Agreement between child self-report and parent proxy-report to evaluate Quality of Life in Children with Cancer
Article first published online: 15 JUL 2004
Copyright © 2004 John Wiley & Sons, Ltd.
Volume 14, Issue 2, pages 125–134, February 2005
How to Cite
Chang, P.-C. and Yeh, C.-H. (2005), Agreement between child self-report and parent proxy-report to evaluate Quality of Life in Children with Cancer. Psycho-Oncology, 14: 125–134. doi: 10.1002/pon.828
- Issue published online: 25 JAN 2005
- Article first published online: 15 JUL 2004
- Manuscript Accepted: 26 APR 2004
- Manuscript Received: 7 AUG 2003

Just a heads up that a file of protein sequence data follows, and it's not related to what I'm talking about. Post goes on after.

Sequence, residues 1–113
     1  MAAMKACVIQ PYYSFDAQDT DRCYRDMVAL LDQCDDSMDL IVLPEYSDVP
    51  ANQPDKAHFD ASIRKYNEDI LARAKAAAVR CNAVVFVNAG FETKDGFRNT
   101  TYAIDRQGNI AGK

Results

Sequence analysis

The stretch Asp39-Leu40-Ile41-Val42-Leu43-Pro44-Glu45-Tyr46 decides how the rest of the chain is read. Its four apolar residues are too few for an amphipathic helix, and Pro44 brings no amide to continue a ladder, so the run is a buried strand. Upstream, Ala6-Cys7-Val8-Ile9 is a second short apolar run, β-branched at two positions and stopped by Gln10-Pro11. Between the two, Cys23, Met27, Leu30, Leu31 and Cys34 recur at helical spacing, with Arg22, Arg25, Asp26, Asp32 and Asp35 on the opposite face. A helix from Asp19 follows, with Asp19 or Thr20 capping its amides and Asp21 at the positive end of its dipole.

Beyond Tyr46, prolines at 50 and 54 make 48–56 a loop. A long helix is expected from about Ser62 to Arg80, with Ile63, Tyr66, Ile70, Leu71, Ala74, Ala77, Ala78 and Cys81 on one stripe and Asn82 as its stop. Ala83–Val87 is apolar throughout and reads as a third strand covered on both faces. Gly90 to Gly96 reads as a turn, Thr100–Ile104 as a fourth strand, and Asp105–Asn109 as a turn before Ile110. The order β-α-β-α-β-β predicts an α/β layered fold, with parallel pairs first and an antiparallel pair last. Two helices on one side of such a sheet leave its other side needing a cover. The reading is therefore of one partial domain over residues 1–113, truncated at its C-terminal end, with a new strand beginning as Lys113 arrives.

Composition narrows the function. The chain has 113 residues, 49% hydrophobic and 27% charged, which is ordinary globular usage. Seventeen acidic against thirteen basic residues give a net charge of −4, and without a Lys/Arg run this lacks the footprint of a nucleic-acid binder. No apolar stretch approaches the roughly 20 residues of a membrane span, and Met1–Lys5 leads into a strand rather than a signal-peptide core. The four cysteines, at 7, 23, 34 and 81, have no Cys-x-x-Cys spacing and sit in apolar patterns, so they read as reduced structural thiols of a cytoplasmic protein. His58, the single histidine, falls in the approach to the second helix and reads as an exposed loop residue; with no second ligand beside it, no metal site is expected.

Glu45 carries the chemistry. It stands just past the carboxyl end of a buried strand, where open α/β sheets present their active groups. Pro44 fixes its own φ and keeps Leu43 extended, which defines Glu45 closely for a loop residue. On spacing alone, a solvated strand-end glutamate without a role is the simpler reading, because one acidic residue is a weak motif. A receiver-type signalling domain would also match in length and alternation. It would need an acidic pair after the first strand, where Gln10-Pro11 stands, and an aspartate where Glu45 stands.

Assessment of children' Quality of life (QOL) is a special challenge for clinicians and researchers because different cognitive abilities of children at various ages and illness levels are so varied. In addition, statistical strategies reported to evaluate proxy agreement have been inconclusive. The specific aims of this study were to examine agreement between child self-reports and parent proxy-reports to evaluate QOL in a sample of pediatric cancer patients. Previously tested QOL instruments (Quality of Life for Children with Cancer, QOLCC) were completed by 141 patients (82 children and 59 adolescents) and 141 of their parents. Three different statistical approaches were employed to evaluate convergence of self-report and proxy-report: product-moment correction coefficient, intraclass correlation (ICC), and comparison of group means. In addition, scatter bias was used to examine the degree of differences across the range of measurement. Our findings indicate that neither Pearson product correlation, ICC or group difference provided enough information to detect the individual differences of measures of QOL. We found that scatter bias should be supplemented to quantify the degree of individual-level differences. The results suggest that when children who are younger are not able to evaluate QOL assessment due to their developmental limitation or severity of illness, parents can provide valid information about their QOL. However, parent-proxy of QOL for adolescents provides significantly different information than self-report and proxy data of QOL for adolescents should be used with caution. Copyright © 2004 John Wiley & Sons, Ltd.